5/31/2007 11:20:00 AM Guest column Power-rate 'relief' doesn't fix the larger problem
By Sen. DALE RIGHTER For the Daily News
It has now been almost five months since Ameren and Commonwealth Edison customers saw their electric rates spike in January. In Springfield, this issue has been the subject of much discussion and heated debate, but very little action. While members of both parties have pushed for rate relief in varying forms, the state's leaders have thus far refused to work together to allow for any solution.
Since last fall when the results of the Illinois Commerce Commission's reverse auction were announced, I have believed working families needed protection from such dramatic rate hikes. That's why I supported Senate Bill 1592, which would have reversed the recent electric-rate increase and provided relief to Ameren and ComEd customers. While I question the feasibility of a long term extension of the rate freeze, it has become clear that the threat of extending the rate freeze is the most effective tool in bringing the utilities to the negotiating table.
While SB 1592 and other legislative attempts have been stalled by House Speaker Michael Madigan (D-Chicago) and Senate President Emil Jones (D-Chicago), negotiations between lawmakers and the power companies are progressing. Ameren and ComEd tentatively offered about $500 million in rate relief to be spread over the next three years. While this amount is much higher than the relief the utilities were initially willing to offer, it is still insufficient. Let's remember that Ameren saw a 76 percent jump in its profits in the first three months of this year, in part because of the electric rate increase on consumers.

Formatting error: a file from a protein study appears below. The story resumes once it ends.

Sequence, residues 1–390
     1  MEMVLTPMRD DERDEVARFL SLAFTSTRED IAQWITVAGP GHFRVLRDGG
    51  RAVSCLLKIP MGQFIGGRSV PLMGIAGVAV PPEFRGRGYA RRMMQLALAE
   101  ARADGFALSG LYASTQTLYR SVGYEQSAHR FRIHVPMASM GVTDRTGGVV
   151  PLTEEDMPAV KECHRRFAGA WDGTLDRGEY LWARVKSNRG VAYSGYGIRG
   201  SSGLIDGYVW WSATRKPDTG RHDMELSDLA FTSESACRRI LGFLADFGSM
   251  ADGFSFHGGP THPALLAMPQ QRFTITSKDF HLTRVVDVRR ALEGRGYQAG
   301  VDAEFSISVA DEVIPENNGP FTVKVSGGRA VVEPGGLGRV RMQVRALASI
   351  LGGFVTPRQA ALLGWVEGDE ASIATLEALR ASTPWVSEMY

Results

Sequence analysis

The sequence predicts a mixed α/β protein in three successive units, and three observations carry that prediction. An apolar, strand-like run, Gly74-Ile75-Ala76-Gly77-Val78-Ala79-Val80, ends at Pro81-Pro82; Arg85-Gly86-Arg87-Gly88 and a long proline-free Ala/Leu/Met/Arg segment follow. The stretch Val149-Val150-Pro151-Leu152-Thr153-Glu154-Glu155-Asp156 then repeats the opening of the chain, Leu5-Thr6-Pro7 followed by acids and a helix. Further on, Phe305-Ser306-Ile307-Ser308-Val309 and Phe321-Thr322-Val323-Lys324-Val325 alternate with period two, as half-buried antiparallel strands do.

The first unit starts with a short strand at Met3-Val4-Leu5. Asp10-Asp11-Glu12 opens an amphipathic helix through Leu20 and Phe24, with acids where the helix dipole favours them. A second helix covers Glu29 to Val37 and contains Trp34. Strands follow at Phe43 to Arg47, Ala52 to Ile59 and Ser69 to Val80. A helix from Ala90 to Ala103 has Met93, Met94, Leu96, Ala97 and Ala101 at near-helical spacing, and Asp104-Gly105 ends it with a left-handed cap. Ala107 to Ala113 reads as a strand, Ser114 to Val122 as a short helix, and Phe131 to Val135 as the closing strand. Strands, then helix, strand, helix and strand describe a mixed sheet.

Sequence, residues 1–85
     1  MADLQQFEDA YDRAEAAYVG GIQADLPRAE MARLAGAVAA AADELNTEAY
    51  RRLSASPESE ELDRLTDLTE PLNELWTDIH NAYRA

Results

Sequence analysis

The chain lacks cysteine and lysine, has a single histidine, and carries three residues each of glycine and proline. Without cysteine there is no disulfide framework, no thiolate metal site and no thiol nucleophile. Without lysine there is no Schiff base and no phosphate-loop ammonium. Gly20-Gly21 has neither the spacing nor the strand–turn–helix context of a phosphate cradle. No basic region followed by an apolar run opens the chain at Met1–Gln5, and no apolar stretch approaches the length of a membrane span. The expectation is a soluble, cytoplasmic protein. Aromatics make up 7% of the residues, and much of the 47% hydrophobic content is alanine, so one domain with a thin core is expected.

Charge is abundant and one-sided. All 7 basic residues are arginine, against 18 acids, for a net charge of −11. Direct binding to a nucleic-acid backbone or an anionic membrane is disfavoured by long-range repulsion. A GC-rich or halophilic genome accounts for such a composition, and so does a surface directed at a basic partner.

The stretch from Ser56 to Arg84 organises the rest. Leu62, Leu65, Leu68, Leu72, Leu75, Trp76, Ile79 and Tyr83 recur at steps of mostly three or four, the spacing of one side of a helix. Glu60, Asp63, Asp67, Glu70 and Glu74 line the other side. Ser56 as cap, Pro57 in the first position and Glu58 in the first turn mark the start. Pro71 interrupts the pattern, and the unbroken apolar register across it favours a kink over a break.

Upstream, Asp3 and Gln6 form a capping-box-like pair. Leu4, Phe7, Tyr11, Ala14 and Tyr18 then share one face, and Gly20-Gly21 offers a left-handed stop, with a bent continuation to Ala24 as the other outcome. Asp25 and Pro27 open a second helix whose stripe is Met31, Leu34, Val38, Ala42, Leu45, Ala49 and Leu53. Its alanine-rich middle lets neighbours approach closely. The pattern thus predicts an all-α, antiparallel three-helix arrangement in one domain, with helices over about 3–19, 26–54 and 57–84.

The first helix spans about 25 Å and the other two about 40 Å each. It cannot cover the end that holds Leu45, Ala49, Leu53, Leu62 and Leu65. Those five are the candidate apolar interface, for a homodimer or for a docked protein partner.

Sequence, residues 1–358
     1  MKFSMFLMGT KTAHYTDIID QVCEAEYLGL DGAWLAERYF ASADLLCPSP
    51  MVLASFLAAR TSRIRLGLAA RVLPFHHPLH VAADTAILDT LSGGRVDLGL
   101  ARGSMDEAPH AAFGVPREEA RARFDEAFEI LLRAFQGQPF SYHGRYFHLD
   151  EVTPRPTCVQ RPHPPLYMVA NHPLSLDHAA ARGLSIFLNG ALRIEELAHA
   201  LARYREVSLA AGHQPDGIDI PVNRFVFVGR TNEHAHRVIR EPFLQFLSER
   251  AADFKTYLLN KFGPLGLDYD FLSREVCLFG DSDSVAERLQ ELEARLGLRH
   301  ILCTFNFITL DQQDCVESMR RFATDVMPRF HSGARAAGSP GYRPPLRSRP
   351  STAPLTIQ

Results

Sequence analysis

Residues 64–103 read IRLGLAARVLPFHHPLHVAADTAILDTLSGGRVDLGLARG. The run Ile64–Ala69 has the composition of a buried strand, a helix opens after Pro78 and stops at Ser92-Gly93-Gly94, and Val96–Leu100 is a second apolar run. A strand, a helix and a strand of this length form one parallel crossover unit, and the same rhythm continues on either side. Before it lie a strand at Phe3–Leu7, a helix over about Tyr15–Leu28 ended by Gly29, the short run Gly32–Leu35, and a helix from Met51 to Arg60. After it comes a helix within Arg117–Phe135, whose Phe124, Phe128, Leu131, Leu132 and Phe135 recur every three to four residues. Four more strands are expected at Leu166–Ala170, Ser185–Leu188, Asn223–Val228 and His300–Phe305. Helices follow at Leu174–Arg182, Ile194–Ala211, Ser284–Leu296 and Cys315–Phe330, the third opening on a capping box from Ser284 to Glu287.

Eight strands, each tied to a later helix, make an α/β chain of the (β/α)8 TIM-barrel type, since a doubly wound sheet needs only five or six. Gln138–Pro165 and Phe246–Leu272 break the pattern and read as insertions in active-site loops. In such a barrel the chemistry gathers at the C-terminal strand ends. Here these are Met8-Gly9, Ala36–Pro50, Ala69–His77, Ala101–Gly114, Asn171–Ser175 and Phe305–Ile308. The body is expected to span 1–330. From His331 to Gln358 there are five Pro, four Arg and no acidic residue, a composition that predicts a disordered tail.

A lump-sum payment such as this is neither the best solution nor the one that addresses this issue over the long term. This situation is not unlike a sinking boat; using a bucket to bail out water will work for a while, but in the end the boat will sink unless an effort is made to fix the leak. Likewise, a massive cash payment from utility companies may help consumers over the short term, but shortly thereafter their rates will skyrocket once again.
In the end, our plan should address two issues: First, immediate and meaningful relief for ratepayers. As mentioned above, a long-term extension of the rate freeze is likely not feasible, but phasing in necessary rate increases over a multi-year period would allow for both rate relief and predictability in the coming years.
Second, a decision must be made on what our state will do to procure power in the coming years. Another reverse auction is scheduled for next year. Clearly the 2006 auction did not achieve its intended goal of buying electricity from generators at the lowest possible price. Based on the failure of the auction held last year, we need to change direction. Whether that means substantial changes in the manner in which the auction is conducted or devising an entirely new system of procurement, these decisions must be discussed, and decided soon.
Just as bailing a bucket of water out of a sinking ship won't work for very long, a lump-sum cash payout will not protect consumers from seeing electric rates devastate their household budgets in the coming years. Let's come up with a long-term plan that fixes the problem instead of pushing it off for another day.
Sen. Dale Righter (R-Charleston) represents the 55th District in the Illinois Senate.